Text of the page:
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The Wit and Wisdom of Aesop's Fables

Aesop's Fables - Recommended Picture Books

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Aesop's Fables cover art
North - South Books, Inc.
Although the history of Aesop is somewhat obscure, the fables associated with the sixth century B.C. slave in Greece have been told and retold for over 2,500 years. While dictionary definitions differ somewhat, they are generally in agreement that a fable is a brief story that illustrates a moral truth. Fables often feature animals who talk to one another and otherwise behave in a manner that would not be found in reality. The moral of the story generally appears at the end of the fable.

You may not be aware that many common sayings come from Aesop's fables.

  1. "Look before you leap."
  2. "Don't put off for tomorrow what you should do today."
  3. "Appearances can be deceiving."
  4. "Slow and steady wins the race."
  5. "Don't count your chickens before they're hatched."
  6. "There are two sides to every story."
There are a great many versions of Aesop's fables available. When I began looking at picture books of Aesop's fables, I found three that stood out for the quality of the illustrations and the readability of the fables. The interesting thing about the fables themselves is that they are suitable for both young and older children. While younger children will enjoy the stories and begin to grasp the moral of each story, older children will be able to relate and apply them to their own lives. With younger children, you can expect to reinforce the fables with further explanations. With older children, you can expect some lively discussions as they talk about how the moral of a particular story relates to them. In either case, the illustrations in the following picture books will add greatly to your enjoyment of Aesop's fables.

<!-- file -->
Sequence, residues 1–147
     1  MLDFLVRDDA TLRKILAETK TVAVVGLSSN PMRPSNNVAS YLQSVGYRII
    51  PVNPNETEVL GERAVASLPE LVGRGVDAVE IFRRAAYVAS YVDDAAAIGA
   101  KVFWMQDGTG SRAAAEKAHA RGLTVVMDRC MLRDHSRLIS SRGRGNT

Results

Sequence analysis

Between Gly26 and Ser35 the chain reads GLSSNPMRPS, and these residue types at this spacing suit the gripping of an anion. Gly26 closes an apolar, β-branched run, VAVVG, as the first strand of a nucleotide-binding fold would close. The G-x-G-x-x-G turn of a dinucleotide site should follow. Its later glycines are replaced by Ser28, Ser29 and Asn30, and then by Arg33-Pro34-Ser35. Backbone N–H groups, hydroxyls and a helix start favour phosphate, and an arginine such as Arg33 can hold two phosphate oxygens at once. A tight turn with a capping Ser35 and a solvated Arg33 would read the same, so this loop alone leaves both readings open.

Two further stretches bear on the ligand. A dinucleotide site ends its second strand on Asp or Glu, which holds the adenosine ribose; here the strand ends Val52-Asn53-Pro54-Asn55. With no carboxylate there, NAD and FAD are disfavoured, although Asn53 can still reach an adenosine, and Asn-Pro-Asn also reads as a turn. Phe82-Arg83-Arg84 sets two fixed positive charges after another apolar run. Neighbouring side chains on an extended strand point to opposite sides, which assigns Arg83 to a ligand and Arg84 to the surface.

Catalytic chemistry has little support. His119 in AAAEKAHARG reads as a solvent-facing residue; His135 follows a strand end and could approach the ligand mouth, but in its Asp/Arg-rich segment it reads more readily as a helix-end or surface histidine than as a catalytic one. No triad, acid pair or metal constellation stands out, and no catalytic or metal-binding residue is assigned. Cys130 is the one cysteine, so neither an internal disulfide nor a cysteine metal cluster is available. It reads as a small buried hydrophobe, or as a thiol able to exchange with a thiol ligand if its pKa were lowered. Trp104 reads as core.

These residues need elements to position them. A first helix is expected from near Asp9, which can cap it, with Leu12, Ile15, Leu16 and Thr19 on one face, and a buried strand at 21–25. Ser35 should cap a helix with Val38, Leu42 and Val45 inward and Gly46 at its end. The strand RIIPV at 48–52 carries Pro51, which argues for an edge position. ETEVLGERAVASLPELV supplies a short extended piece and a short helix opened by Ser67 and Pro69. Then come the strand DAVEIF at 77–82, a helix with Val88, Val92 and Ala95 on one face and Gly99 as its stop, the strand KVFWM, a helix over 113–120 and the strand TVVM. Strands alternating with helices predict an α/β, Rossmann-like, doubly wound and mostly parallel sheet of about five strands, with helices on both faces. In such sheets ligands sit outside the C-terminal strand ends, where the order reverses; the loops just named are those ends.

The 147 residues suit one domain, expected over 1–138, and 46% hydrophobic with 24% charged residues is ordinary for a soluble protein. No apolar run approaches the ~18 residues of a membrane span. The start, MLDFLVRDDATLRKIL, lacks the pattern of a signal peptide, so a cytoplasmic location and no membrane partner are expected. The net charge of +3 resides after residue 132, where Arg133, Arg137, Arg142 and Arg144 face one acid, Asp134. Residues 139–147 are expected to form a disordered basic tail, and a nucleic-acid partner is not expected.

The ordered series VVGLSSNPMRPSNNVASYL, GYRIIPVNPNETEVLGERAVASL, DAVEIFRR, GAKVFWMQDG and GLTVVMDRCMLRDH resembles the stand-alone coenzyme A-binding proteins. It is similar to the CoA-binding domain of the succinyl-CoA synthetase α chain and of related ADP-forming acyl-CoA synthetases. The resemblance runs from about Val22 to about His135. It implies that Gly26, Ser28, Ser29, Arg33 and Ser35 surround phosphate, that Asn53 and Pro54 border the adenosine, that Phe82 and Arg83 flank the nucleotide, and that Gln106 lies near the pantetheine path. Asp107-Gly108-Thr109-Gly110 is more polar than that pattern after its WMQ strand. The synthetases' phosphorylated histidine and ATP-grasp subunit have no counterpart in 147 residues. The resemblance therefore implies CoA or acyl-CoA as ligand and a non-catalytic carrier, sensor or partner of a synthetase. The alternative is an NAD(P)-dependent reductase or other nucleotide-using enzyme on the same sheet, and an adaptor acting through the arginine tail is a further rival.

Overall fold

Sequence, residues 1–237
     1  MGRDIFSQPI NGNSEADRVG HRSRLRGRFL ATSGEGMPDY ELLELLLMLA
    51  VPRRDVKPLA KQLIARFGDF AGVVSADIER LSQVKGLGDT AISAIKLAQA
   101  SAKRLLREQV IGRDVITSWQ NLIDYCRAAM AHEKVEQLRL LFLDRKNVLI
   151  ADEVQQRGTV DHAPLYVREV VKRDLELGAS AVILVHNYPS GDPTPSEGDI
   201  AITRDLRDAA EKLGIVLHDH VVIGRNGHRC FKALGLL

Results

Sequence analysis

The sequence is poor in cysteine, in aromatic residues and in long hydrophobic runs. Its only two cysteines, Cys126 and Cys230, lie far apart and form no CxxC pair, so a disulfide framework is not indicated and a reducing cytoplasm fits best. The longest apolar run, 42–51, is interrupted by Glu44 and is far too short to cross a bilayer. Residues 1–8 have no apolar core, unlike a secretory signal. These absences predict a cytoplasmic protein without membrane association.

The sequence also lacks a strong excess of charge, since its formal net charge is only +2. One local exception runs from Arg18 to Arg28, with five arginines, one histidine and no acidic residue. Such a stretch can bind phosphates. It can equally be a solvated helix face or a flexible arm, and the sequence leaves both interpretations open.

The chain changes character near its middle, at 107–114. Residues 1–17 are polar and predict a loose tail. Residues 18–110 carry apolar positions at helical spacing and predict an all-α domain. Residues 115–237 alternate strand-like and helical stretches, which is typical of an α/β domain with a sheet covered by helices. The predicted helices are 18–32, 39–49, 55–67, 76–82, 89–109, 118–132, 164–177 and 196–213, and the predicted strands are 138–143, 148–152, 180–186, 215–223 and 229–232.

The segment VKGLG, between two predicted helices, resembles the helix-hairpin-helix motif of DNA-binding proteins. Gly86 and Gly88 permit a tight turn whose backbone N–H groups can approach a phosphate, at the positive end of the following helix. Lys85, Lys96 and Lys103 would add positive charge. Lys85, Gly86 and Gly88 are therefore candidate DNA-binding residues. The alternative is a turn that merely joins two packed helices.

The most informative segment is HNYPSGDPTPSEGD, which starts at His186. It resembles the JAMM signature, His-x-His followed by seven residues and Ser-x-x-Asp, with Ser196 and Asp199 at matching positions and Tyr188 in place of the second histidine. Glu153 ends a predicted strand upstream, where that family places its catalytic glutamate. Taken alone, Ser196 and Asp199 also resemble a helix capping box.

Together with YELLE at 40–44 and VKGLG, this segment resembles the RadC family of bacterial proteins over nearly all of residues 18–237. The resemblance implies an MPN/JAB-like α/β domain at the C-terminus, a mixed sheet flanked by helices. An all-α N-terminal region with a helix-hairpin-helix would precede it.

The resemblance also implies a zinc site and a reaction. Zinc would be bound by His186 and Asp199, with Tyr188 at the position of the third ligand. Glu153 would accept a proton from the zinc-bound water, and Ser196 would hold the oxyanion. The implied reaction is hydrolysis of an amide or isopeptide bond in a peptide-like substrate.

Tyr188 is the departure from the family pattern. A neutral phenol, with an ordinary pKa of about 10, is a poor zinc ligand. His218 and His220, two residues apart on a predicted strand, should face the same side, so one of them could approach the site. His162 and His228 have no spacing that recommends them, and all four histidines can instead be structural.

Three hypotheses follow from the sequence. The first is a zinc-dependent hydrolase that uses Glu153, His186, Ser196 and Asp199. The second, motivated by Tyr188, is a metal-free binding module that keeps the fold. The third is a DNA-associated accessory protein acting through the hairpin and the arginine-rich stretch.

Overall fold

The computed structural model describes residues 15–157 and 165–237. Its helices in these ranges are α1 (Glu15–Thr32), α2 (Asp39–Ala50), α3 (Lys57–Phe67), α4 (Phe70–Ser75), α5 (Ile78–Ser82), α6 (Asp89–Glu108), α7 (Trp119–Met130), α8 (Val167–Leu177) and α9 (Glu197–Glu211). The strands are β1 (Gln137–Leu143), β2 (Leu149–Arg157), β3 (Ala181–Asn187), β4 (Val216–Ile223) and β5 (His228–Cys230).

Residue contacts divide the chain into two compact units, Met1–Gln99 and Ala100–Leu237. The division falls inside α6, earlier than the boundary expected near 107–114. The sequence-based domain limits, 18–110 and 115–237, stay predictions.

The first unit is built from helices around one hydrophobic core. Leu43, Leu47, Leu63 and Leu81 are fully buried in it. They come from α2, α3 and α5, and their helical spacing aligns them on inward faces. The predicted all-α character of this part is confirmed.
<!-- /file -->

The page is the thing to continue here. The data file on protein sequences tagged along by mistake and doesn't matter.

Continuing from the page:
Jerry Pinkney is an award winning artist, who has illustrated more than 75 children's picture books. His Aesop's Fables (compare prices) is a beautifully designed and illustrated book. The artwork ranges from thumbnail to full page in size and was created with pencil, colored pencil, and watercolors. The people in the fables represent a variety of racial and ethnic groups. With his illustrations of animals, Pinkney has an uncanny ability to express the emotions each animal is feeling. His artwork is filled with color, movement, and life. Pinkney's Aesop's Fables was published in 2000 by SeaStar Books, a division of North - South Books, Inc. The book contains more than 60 fables. Some, like "The Tortoise and the Hare," you will instantly recognize. Others, like "The Children and the Frogs," may be as new to you as they were to me.

Another excellent Aesop's Fables (compare prices) for children is the one compiled by Russell Ash and Bernard Higton. It was published in 1990 by Chronicle Books. If you would enjoy seeing how a variety of nineteenth and twentieth century artists interpreted the fables, you will particularly enjoy this book. There are more than 50 fables in this collection. The illustrations represent a number of different styles and eras. The artists include many well known names: Randolph Caldecott, Arthur Rackham, Walter Crane, Milo Winter, and Alexander Calder, among others.

Fulvio Testa was born in Verono, Italy. Testa's books have been translated into 13 languages and published in 17 countries. Fulvio Testa's Aesop's Fables (compare prices) has vibrant and engaging illustrations that reflect both European and Middle Eastern influences. His book was published in 1989 by Barron's. There are 20 traditional fables, each illustrated with a bordered painting that catches the essence of the fable.

After reading a number of versions of Aesop's fables, I picked these three as favorites. All three contain well written versions of the fables and distinctive artwork that complements the text. I also came to the conclusion that adults as well as children should have their own copies of a picture book version of Aesop's fables and promptly bought myself a copy of Jerry Pinkney's version.

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